1) Reply to Peer – Jean Latouche
Dr. Adams and class,
My selected topic is about childhood obesity. My topic will focus on increasing exercise programs in school to encourage good habits at home. My motive for choosing this topic is because my specialty is in pediatrics and I would like to continue to impact the health of the patients in my community positively. Overweight and obesity can influence children both physically and mentally (Centers for Disease Control and Prevention, 2018). Children and adolescents who exercise consistently will lead healthier lives and decrease their chances of developing chronic health conditions ( CDC, 2018). Addressing childhood obesity will reduce the number of chronic health condition such as Diabetes and other cardiac diseases. Childhood obesity has become an American epidemic (Sahoo, Sahoo, Choudhury, Sofi, Kumar & Bhadoria, 2015). Childhood obesity is such a big issue in today’s society due to unhealthy eating habits, lack of physical activity and stress to name a few ( Sahoo et al., 2015). Obesity is when children have an overabundance of body fat, and their BMI is in the 95th percentile or more ( Sahoo et al., 2015). The number of children today who are considered overweight or obese is at least 32% (Sahoo et al., 2015). According to a study by the Robert Wood Johnson foundation children between the ages of 10 and 17 are obese in South Florida (RWJF, 2018). The model of policy-making that would be best applied for childhood obesity is Longest’s Policy Cycle Model. The model for policy-making consists of three phases such as formulation, implementation, and policy modification (Mason, Gardner, Outlaw & O’Grady, 2016). Each phase comprises of a plan and an event that produce a result that can impact the next stage. The reason I chose his model is that I think this phase gives nurses more opportunities to demonstrate their knowledge and skills to improve patient outcome.
2) Reply to Instructor – Dr. Adams
Bellow was my post and following is the Instructor question that needs to be answered.
Hi Dr. Adams and Classmates,
The shortage of primary care physicians can cause a lot of negative effects on the overall healthcare industry. But more specifically, this shortage threatens patient’s access to quality care, therefore, affecting their chances of having a positive outcome. At the moment, statistics indicate that for every 2,000 patients, there is only a single physician. This means approximately 13% of patients in the United States of America are at risk due to lack of adequate medical attention (Flinter, Hsu, Cromp, Ladden & Wagner, 2017).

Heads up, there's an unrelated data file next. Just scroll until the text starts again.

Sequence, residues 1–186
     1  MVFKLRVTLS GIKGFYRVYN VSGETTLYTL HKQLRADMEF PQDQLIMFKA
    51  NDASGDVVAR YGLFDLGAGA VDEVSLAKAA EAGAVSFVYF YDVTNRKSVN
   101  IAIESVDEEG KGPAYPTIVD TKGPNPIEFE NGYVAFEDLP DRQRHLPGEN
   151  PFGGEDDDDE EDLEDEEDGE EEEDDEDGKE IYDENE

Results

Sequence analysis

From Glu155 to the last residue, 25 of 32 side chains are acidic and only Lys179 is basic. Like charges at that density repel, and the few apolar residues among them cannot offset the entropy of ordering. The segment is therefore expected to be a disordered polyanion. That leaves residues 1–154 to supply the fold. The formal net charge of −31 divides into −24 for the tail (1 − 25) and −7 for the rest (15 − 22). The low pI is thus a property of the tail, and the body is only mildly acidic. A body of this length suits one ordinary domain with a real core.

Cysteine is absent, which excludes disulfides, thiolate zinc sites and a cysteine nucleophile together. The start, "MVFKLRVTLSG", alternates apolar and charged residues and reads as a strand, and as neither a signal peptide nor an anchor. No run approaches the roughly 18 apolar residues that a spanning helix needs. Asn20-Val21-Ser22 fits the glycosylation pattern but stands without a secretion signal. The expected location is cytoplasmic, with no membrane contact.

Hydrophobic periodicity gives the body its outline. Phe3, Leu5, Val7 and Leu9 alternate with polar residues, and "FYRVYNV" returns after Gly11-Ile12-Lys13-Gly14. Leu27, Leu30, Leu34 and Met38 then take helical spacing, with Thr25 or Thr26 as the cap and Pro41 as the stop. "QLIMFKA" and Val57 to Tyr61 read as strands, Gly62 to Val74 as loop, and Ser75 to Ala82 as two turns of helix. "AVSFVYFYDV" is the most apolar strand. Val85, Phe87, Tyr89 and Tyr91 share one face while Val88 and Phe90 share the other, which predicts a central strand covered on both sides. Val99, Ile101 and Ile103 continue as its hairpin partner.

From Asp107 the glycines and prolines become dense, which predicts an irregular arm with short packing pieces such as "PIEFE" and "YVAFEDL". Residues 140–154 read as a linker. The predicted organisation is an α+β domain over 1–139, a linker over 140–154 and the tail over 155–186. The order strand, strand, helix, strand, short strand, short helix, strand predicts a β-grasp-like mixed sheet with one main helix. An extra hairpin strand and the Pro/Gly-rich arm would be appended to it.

I chose this topic simply because, despite the number of doctors produced by the system, the fact that there are not enough to serve the entire population is alarming. Additionally, the fact that there are numerous medical schools in the United States, this means they should be able to produce enough physicians to take care of the ever growing population.
It is, therefore, evident that there is a need for new structures, frameworks, and policies that have to be developed and implemented in order to address this problem. Therefore, I believe introducing policies that completely overhaul the traditional way of doing things will enable the system to develop towards addressing the physician shortage issue. The government has made public its ambition of creating universal healthcare, therefore, the only way to address the gap is by altering the routine that led to this problem in the first place. Specifically, addressing this issue will require general re-engineering of the entire healthcare system so that it can focus on preventive care (Bodenheimer, & Bauer, 2016). When the community is given information by community health workers, it tends to live positively thus maintenance of health, which would also mean fewer patients for the limited number of physicians to treat. Training of mid-level healthcare providers would foster the success of this policy because over reliance on physicians would reduce because some of their roles and functions will be divided among other relevant clinicians.
Bodenheimer, T., & Bauer, L. (2016). Rethinking the primary care workforce—an expanded role for nurses. New England Journal of Medicine, 375(11), 1015-1017.
Flinter, M., Hsu, C., Cromp, D., Ladden, M. D., & Wagner, E. H. (2017). Registered nurses in primary care: Emerging new roles and contributions to team-based care in high-performing practices. The Journal of ambulatory care management, 40(4), 287.
Kamila, I understand the problem you mention but what can a legislator do about it? Are you looking to increase nurse practitioners to fill the gap?
Please clarify your focus.